Thank you to our Diocese of Palm Beach School Principals!

Recently, the Florida Catholic Newspaper wrote an article highlighting our Diocese of Palm Beach Principals.  Thank you to author Linda Reeves for writing such a special piece for our Diocese.  

Starting in January, we will highlight a principal each week on our Diocese of Palm Beach, Office of Catholic Schools Facebook page.  

You can read the article in its entirety below.  

###

"Principals all smiles to see doors open for new school year

Administrators feel called to protect, form and educate God’s children

By LINDA REEVES of the Florida Catholic Staff

PALM BEACH GARDENS  |  Over the years, the Florida Catholic has witnessed great passion and dedication of men and women called to the vocation of education ministry and carrying out the mission of Catholic education, keeping the flame of Christ’s love burning brightly in Catholic schools.

Pope Francis often recognizes educators and commends them for their significant mission. In a recent Twitter message, he wrote, “Thank you to all teachers. Educating is an important mission, which draws young people to what is good, beautiful and true.

In all, 450 teachers and administrators serve the Catholic schools here in the five-county Diocese of Palm Beach, and there are two private schools operating in the region. We thought, as school opens, it was only appropriate to feature principals in the Florida Catholic.

 Before school opened, we spoke to leaders of schools and conversations steered toward their school communities, school missions, and their own dreams and goals to help meet the spiritual and educational needs of the students they serve.

Jill Broz

All Saints Catholic School, Jupiter

Broz is in her fifth year at All Saints Catholic School, which was built as a regional interparochial school to serve the six parish communities in the Jupiter school’s area. The school opened Aug. 13, 2003, with 234 students and today enrollment has more than doubled. The school serves students in grades pre-k to eight.

We asked Broz to describe the community spirit that flows in the classrooms and hallways and out on the sports fields and places of activity. “All Saints Catholic School is a place where all God’s children are honored. Each child is nurtured. God-given talents are fostered, and each child is given the opportunity to excel in numerous ways from academics to sports, the arts and service,” she said. 

She was eager to share news about two new projects that her school is piloting. “One (program) will assess students in the areas of language arts and math so as to best serve all students continuously,” she said. “The school will also begin a new program that centers on relationship building. With technology and social media, face-to-face conversational and community-building skills are being lost. With this program, relationships are built and students move toward supportive classrooms.”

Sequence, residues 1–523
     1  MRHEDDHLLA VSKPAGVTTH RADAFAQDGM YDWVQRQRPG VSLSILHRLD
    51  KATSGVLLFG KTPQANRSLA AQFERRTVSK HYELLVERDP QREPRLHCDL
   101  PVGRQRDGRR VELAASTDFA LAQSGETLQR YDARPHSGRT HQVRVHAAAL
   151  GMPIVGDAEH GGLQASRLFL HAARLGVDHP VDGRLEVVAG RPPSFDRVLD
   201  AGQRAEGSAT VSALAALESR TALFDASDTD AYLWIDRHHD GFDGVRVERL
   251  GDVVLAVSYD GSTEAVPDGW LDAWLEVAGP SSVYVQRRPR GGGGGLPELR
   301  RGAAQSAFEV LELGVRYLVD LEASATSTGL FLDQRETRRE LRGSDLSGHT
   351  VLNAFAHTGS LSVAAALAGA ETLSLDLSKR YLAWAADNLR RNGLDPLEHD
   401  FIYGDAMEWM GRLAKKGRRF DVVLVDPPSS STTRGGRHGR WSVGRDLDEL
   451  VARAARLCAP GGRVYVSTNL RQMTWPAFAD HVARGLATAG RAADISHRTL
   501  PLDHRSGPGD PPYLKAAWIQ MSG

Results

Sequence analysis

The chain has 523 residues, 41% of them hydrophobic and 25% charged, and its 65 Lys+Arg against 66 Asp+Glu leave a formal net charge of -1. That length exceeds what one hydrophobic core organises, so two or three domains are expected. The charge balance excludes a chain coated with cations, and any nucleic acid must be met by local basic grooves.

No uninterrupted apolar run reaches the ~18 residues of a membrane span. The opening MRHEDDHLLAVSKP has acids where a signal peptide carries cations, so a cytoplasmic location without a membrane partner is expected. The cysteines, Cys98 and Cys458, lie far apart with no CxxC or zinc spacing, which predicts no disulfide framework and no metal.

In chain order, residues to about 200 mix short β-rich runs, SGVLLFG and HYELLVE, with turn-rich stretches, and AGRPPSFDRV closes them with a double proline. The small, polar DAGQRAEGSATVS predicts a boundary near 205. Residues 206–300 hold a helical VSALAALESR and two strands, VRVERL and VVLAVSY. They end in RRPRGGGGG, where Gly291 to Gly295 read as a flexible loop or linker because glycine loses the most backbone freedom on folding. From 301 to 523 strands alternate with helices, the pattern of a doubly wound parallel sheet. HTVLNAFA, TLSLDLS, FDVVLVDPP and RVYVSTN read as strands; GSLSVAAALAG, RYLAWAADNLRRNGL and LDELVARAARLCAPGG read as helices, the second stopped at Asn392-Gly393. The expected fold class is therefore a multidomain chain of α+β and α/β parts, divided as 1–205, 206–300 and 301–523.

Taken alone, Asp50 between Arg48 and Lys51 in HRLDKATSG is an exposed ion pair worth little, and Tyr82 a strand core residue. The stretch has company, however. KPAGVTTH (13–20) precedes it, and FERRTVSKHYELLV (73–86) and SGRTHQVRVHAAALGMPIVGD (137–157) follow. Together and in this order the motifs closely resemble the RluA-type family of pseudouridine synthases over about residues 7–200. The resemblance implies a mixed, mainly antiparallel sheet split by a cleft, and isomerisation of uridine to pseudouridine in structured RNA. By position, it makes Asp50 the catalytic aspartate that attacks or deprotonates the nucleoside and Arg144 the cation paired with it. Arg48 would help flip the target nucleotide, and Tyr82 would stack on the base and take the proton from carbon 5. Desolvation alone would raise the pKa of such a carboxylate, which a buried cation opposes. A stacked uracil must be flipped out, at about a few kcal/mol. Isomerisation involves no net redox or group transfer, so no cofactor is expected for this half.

Broz said the theme of the relationship-building initiative is “Getting to Know You and Each Other.”

“With Christ as our guide, we are using our talents to build the kingdom of God on earth,” said an excited Broz.

As far as school traditions, Broz said that All Saints encourages students to look toward Jesus and the saints as role models. Educators also invite students to open their hearts to the Lord, their minds to learning, and their talents toward service to others, she explained. “The school is committed to developing responsible citizens by promoting academic success and preparing students for high school and eternity,” she added.

 All Saints moves forward with continued support of the pastors of the Cathedral of St. Ignatius Loyola in Palm Beach Gardens, St. Jude in Tequesta, St. Christopher in Hobe Sound, St. Paul of the Cross in North Palm Beach, St. Patrick in Palm Beach Gardens, and St. Peter in Jupiter. 

“I love being in a community of faith which drives our mission,” Broz said. “It is truly a gift to partner with the parents to educate their children’s minds, spirits and bodies. Watching and being part of a child’s growth from pre-kindergarten to eighth-grade graduation is a journey of love and dedication.”

 

Dr. Kevin Hoeffner

St. Anastasia School, Fort Pierce

The diocese’s oldest school, St. Anastasia serves students in grades pre-k to eight. Father Gabriel Ruppert guided construction of the school in 1914, and from 1919 to 1924 the St. Lucie County School District used the facilities free of charge. The school opened to provide Catholic education September 1926 with 52 students.

School enrollment has steadily grown throughout the years, but in the past three years increased greater than ever before. Doors opened this year to serve approximately 535 students. Hoeffner serves as principal of the school that opened with a staff of Adrian Dominican religious sisters.

“Our community is diverse and was founded on hard work and the love for God in one another,” he said. “The Adrian Dominican nuns instilled a passion for truth in the Gospel, a love for following the wisdom of the Holy Spirit, and the value of life. The support of very dedicated Fort Pierce families has kept St. Anastasia close to the Church and committed to the mission of the school.” 

On the school website, Hoeffner proclaims, “We pride ourselves on academic achievement, a culture of supportive and dedicated teachers, and setting our national, state and diocesan benchmarks high. However, many other schools can attest to these same goals and characteristics.

“The mission statement of St. Anastasia Catholic School reminds us that we are a part of a large community of believers who are hopeful that Christ’s message will shape the lives of our children. We believe that each child is unique and is created in the image of God. We support our families in the nurturing of more than just the child’s mind. It is our duty to develop the body and the soul of our children as well.